Jump to content

Mike Krall

Supporting Member
  • Posts

    293
  • Joined

  • Last visited

Reputation

3 Neutral

Contact Methods

  • Website URL
    http://
  • ICQ
    0

Profile Information

  • Location
    Lander, Wyo.
  • Interests
    Building things.<br />Looking at the art in life.

Recent Profile Visitors

659 profile views
  1. I simply don't know if steel plates would work, Gerhard. I think I've heard of folks successfully using thinner aluminum. I got 1" plates because they were there. I know of a lot of plate quenchers (slip joint, liner lock makers... Owen Wood and his O1 multi-pattern damascus, and ???) mount the plates in a woodworker's vise... quick release type considered best but standard definitely works. Me, I use hand pressure. I've had blades come out of the plates wobbly but it's not common and they were save-able... takes time and patience, though. What I think (think), is a vise may keep the knife steel flatter during quenching, and for many that advantage is worth the tooling... but... ??? And I've come across plate quencher descriptions of vises that don't work well because applied pressure causes springing (misalignment of the jaws/plates) and uneven quenching do to lack of contact... or some such. Mike Oh, just had a thought. Would you have access to scrap copper cheap? Do you cast? Castable Bronze scrap. Might you know of a place to get high voltage copper breaker bar? I came a cross a couple of 4" x 12-ish" bars and scooped them up. They are only 1/4" thick but they should take heat very quickly.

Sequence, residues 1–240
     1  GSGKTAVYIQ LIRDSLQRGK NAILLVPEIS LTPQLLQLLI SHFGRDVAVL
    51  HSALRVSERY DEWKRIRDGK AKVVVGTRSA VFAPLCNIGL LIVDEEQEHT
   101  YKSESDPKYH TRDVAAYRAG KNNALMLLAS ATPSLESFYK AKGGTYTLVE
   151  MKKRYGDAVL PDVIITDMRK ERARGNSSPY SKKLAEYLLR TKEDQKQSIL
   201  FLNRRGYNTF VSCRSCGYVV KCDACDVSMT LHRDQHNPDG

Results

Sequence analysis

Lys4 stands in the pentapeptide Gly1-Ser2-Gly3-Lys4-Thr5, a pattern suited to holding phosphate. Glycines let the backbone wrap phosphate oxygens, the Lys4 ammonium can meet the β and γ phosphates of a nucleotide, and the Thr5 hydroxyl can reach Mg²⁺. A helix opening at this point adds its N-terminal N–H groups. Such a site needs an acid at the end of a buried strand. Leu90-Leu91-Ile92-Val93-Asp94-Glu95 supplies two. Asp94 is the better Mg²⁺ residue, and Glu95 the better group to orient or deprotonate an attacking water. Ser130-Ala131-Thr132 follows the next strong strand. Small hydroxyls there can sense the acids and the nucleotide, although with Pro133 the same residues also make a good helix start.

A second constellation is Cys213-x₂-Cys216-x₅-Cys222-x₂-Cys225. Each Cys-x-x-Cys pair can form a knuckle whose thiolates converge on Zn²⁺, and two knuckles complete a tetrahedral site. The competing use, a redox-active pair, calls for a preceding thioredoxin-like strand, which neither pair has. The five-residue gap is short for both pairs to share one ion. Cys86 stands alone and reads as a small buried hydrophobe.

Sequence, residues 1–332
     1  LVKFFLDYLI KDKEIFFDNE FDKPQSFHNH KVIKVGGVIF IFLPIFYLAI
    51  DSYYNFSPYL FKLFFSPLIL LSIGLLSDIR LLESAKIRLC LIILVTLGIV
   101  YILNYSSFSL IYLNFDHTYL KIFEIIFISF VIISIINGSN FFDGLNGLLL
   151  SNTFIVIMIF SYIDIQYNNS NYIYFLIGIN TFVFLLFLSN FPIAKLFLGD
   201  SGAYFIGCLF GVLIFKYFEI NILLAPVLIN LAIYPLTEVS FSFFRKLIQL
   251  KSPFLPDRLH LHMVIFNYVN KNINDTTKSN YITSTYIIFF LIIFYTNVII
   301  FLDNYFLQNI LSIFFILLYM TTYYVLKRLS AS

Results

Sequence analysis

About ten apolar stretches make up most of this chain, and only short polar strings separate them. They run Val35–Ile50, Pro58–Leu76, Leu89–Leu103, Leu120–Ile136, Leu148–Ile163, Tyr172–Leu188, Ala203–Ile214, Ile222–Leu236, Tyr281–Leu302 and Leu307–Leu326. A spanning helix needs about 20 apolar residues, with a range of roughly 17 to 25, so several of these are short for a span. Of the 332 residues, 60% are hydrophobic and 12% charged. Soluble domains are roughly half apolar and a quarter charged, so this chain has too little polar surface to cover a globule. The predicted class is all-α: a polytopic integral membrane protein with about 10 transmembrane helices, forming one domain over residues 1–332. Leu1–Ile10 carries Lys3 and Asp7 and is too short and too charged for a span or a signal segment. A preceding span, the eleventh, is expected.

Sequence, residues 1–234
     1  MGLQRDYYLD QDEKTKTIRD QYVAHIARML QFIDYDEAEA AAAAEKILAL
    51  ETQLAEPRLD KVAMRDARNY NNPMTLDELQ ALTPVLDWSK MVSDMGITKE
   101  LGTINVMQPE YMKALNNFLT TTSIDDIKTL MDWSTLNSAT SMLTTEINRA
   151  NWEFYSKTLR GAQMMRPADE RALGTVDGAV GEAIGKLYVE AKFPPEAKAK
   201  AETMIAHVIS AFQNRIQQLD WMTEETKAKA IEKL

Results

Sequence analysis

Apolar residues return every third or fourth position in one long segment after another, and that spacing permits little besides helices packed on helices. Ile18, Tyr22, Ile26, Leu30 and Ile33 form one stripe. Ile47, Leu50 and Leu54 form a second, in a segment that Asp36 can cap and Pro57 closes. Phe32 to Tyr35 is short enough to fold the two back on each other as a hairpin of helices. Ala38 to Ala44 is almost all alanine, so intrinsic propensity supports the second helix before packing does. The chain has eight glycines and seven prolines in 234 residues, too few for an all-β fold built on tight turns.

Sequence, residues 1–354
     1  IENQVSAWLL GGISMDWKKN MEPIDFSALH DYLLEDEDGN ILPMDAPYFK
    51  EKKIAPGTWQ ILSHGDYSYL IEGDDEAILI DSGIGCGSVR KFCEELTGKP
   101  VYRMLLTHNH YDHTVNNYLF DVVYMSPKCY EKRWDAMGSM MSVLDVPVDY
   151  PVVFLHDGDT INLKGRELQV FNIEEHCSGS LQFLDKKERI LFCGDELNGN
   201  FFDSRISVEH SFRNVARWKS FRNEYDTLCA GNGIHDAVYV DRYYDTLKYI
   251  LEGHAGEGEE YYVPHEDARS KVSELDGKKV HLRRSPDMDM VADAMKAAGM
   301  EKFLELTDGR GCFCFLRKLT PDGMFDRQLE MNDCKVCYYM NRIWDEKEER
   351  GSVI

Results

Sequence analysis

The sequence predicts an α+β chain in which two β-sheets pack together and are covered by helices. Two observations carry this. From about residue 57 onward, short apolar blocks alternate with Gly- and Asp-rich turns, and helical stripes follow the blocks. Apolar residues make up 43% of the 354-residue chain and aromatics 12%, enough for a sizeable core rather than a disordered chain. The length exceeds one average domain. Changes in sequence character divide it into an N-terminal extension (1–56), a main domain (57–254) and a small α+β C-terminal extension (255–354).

2. Just a little thing... I've messed with O1 and plate quenching. Learned it from people at one of Sword Forum or Kevin Cashen's old metallurgy forum... straight razor builders. 3/32" max. thickness at knife-like austenitizing temp. (lower end of range). Consistently got "as quenched" Rockwell readings in the 64.5 RHc to 65.0 RHc range (throw out first test, average next four). It works because of O1's nose at 8 -10 seconds is time enough for 1" aluminum plates to get 3/32" past it. 10 - 12 timed seconds in the plates and 3/32" piece is at lower temp. than "hand warm". Heat Treater's Guide shows 5160 nose (1555 F austenitizing temp.) at 4 - 5 seconds. Should be enough time to plate quench... big angle iron ought to be able to take enough heat (near-surface) for some level and/or depth of hardening (pretty speculative in this part... maybe not enough sink mass... way too much thickness... not really enough time... wouldn't it austemper with the extra heat and not be brittle?... or ???). Is this it... or any part of it? I don't know enough to know. Mike
  3. Thank you, Charles... Mike
  4. Thanks, Charles... worth way more than it's weight in gold... =] You haven't happened to have used the boric-acid-powder-on-heated-steel-that-rinses-off-with-water-method have you? If yes, hearing a little detail on it would suit me. Mike
  5. Gerhard, Twice now you have said, "carbon balloon". I can assume you are seeing scaling, but you know how assumptions are. There are simple inert gas set-ups for kilns and there are anti-scale compounds applied prior to heating pieces for quench or annealing or normalizing. I've used liquid anti-scale and it works (not as well as my understanding of inert gas use does). Mike
  6. You're welcome, Gerhard... Mike